Some of you relics are waiting for the new Dylan cd, but here’s what I’m listening to while awaiting shipment of Face the Promise, the first Bob Seger record in more than a decade.
Freddie King: Hide Away (Rhino)
Eric Clapton stole nearly all of his best licks from the great Texas guitar slinger, Freddie King, who, if he hadn’t died so prematurely, might well have emerged as the King of the Kings.
Magic Sam: West Side Soul (Delmark)
Scarcely a week goes by without this venerable CD being forced into extended play on my Mac. Inexplicably neglected now, Magic Sam Maghett was the best blues guitarist of the 1960s. Indeed, he has few peers across the history of recorded music. Like Freddie King, Sam died young, leaving behind a tragically thin body of work. Rarely has the electric guitar been played with such tenderness.
Drive By Truckers: A Blessing and a Curse (New West)
Lynyrd Skynyrd pioneered the three guitar attack. The Truckers vaulted a step further with a three guitar, three voice assault. Inventors of the southern rock soap opera, DBT are Skynyrd with a social conscience and a darkly ribald sense of humor. “Aftermath USA,” indeed.
Patty Loveless: Mountain Soul (Sony)
The most versatile singer in country music. Loveless bucked Nashville by recording this suite of neo-bluegrass songs in one take without over-dubs. The result a record exuding a freshness and an immediacy that hasn’t been heard in country music in decades. Loveless comes from coal mining country in the mountains of Kentucky. Her father died of black lung disease. But you don’t need to know any of that background to well up with tears when she sings Darrell Scott’s song, “You’ll Never Leave Harlan County Again”:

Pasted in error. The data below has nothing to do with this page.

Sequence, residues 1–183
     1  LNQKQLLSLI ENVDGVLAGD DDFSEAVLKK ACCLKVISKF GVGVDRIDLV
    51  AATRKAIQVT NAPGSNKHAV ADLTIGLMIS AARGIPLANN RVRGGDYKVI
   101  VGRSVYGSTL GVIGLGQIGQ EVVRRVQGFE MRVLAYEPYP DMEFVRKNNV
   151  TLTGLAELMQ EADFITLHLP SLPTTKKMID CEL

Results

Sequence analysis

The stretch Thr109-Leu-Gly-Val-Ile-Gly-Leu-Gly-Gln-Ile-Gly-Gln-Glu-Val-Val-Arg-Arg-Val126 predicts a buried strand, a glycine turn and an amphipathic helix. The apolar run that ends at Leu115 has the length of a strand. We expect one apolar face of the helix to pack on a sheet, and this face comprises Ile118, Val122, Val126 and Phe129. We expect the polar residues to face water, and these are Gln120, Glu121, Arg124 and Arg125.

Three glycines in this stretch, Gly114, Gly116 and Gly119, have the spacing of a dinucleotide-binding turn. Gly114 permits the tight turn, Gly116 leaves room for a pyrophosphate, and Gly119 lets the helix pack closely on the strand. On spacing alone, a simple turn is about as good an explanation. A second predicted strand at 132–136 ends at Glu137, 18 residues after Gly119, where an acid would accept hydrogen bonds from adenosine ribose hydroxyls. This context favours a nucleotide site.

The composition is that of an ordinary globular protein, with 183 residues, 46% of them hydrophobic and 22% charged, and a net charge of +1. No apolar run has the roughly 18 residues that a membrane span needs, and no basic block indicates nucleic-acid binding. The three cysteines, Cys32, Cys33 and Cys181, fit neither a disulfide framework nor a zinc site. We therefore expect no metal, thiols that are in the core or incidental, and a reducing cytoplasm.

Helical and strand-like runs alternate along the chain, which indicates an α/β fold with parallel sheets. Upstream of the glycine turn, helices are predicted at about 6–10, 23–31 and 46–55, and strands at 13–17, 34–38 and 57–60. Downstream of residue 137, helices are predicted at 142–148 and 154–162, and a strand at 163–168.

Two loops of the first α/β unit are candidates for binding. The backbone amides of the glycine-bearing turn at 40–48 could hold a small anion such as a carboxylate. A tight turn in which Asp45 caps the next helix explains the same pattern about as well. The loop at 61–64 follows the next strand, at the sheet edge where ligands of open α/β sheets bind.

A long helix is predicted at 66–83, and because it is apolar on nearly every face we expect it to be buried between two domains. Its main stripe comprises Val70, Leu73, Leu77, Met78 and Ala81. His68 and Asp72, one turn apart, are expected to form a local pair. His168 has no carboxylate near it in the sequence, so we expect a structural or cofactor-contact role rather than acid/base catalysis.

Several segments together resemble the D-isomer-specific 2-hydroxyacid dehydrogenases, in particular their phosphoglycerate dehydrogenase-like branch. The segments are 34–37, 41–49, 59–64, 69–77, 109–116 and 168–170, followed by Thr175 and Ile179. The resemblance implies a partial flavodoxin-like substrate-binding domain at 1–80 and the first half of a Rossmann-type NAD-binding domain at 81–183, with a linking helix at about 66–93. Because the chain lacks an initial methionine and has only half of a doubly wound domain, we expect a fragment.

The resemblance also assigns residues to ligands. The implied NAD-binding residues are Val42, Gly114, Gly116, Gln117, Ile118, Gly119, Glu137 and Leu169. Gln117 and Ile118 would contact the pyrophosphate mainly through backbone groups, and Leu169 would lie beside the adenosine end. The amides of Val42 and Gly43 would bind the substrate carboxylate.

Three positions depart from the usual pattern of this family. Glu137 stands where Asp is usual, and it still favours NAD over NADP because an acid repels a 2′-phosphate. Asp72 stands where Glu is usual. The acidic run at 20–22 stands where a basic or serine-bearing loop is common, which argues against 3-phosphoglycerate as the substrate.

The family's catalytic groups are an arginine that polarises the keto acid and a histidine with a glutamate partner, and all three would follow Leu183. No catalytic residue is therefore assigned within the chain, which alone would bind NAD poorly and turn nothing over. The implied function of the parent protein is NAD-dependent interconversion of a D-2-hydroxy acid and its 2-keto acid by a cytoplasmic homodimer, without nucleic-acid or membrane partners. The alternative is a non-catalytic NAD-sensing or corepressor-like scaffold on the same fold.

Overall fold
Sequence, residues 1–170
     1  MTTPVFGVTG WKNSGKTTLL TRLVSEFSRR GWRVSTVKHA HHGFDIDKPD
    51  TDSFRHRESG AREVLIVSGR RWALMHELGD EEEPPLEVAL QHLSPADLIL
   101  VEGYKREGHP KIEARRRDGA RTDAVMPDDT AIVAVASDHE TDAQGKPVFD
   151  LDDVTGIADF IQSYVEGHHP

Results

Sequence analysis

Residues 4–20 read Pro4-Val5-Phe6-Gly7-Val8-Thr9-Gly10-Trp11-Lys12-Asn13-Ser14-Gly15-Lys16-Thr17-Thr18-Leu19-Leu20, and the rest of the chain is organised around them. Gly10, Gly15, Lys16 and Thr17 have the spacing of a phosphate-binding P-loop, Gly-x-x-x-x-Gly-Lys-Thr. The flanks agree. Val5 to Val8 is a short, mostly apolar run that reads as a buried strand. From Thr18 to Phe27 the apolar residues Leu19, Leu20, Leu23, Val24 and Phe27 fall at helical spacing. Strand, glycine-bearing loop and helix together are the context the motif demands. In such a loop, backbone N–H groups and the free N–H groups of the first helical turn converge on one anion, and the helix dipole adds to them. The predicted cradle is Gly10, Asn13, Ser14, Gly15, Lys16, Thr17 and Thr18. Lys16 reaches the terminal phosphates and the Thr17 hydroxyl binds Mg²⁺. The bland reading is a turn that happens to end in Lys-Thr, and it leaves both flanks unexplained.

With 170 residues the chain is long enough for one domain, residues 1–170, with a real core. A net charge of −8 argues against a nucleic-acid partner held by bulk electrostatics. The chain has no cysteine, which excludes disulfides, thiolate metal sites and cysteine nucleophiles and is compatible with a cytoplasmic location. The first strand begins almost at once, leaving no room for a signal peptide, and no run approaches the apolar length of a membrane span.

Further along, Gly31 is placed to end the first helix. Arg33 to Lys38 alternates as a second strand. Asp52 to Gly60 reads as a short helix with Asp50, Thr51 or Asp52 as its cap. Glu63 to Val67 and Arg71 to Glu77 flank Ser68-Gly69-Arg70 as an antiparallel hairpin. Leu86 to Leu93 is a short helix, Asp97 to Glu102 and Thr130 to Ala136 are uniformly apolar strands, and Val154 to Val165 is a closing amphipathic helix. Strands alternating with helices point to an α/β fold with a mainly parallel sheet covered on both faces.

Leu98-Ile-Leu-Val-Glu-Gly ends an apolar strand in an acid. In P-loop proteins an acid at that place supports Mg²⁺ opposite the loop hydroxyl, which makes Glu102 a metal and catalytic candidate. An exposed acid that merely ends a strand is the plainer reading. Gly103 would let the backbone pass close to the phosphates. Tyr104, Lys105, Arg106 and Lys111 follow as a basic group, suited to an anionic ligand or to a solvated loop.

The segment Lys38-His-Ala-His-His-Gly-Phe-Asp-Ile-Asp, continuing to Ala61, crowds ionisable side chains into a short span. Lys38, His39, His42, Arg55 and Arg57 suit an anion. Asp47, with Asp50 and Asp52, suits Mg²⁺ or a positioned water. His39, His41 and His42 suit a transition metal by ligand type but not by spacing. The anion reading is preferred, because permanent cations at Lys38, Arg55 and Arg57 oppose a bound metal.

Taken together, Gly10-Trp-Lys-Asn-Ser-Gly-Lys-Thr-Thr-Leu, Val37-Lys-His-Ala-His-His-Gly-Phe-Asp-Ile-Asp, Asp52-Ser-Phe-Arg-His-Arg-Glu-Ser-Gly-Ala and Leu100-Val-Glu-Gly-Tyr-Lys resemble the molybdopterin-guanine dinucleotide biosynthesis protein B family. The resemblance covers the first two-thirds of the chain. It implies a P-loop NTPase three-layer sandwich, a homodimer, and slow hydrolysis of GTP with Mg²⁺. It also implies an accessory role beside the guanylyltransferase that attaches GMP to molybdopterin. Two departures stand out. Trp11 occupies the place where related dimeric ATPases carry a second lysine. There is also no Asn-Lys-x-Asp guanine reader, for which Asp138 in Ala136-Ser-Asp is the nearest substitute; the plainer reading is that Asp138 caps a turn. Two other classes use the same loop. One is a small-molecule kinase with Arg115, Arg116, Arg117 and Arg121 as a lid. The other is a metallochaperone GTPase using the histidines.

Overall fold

“Where the sun comes up about 10 in the morning
And the sun goes down about 3 in the day
And you fill your cup with whatever bitter brew you’re drinking
And you spend your life digging coal from the bottom of your grave.”
Bob Seger: Beautiful Loser (EMI)
Seger was the first rock musician I interviewed. Back in 1975, I was 16 and he was on the cusp of becoming a huge arena rock star on the merits of Night Moves and Live Bullet, one of the best live rock albums. Seger was no newby, though. By 1975 he’d been touring the Midwest hard for nearly a decade, popular enough in the heartland, but relatively unknown in New York and LA. In the story I wrote on Seger for a local music rag, I called his music “Dirt Rock,” meaning it was gritty, true, rooted in place. Seger remains one of my favorite artists and Beautiful Loser one of my favorite albums.